It started three years ago as a way to get special education students interested in fitness. Now the AP Runners club at American Senior High School in Hialeah has turned into a source of pride for the whole school.
"The student population recognizes them, salutes them, they're in the population," explained Annie Perez, the physical education teacher who created the AP Runners. (AP stands for American Patriots)
There are 40 kids on the team, and all 40 are either on the autism spectrum or have intellectual deficits. They each have reasons for joining the squad.
"I like it a lot," said freshman Amin Darrazi. "Because it's the perfect way for me to lose some weight."
"And making my family proud of me," said teammate Christian Rendon, who was standing next to Amin.
Joaquin Figueroa, a sophomore who also plays varsity volleyball and swims for his school despite having autism spectrum disorder, said the AP Runners fits into his training.
"I run every day and I like to play sports, so it's good for me," Joaquin said.
"I'm like the captain, and it's a lot of responsibility to make, like, the team look good, and we train hard," explained Carolina Gutierrez.
Coach Perez says being part of this team gives the kids much more than a physical fitness boost.
"So their self-esteem goes up, confidence goes up, and their behavior starts to change," Perez said, pointing out that their overall performance in school improves.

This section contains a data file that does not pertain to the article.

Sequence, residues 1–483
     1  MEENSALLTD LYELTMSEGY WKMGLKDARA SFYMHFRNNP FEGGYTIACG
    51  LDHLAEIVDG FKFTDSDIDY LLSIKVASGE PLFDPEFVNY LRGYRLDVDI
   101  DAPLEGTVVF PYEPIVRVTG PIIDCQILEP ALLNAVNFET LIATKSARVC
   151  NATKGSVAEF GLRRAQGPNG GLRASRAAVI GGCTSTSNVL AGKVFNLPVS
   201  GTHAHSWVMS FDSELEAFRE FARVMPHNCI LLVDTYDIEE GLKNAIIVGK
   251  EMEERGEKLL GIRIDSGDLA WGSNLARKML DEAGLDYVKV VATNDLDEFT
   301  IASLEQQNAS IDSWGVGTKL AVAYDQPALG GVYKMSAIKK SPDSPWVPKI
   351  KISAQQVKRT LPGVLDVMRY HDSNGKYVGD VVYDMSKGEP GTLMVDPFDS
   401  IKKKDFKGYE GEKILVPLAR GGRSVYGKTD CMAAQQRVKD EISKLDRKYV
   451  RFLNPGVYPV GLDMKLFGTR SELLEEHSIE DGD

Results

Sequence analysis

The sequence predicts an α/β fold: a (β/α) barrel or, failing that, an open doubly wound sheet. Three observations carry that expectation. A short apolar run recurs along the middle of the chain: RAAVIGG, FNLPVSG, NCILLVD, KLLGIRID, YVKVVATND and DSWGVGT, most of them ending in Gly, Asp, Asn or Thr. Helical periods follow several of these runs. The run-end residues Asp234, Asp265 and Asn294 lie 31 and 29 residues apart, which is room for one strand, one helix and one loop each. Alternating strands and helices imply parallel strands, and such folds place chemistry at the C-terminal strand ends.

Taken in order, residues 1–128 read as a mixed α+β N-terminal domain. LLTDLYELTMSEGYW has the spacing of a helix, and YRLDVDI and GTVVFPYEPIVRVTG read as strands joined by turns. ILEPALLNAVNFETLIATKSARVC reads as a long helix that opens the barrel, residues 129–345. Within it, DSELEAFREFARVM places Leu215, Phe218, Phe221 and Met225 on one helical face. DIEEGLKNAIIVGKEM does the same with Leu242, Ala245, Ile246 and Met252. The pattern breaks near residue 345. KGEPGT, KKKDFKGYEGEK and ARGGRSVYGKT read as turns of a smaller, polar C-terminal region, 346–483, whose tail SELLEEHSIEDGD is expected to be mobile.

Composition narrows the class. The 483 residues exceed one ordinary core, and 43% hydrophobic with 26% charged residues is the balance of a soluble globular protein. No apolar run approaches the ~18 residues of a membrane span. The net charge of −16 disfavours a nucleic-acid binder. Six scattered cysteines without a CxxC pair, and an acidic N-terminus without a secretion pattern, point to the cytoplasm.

"We're always on point, on task and we have to be a source of excellence," said co-captain Luis Perez.
The AP Runners are training for the upcoming Superintendent's 5K run, so who do you think dropped in to train with them on this day?
"These kids have skills, these kids have desire to succeed, all that's lacking sometimes is someone who believes in them, Annie Perez believes in them," said Miami-Dade Schools Superintendent Alberto Carvalho, a fitness buff, shortly before leading the kids in warmup exercises.
Carvalho ran a mile with the team, but some of the boys decided to show off their abilities at one point and left the superintendent behind.
"You know sometimes, as educators we focus so much on the disability that we forget to acknowledge the ability, and today they proved it, if we set expectations they will meet us there and they'll go beyond them, they left me in the dust!" Carvalho said, laughing.
Some of the students couldn't run a lap when they joined the team. Coach Perez tells them it's not where they start, it's where they finish, and the AP Runners are finishing strong.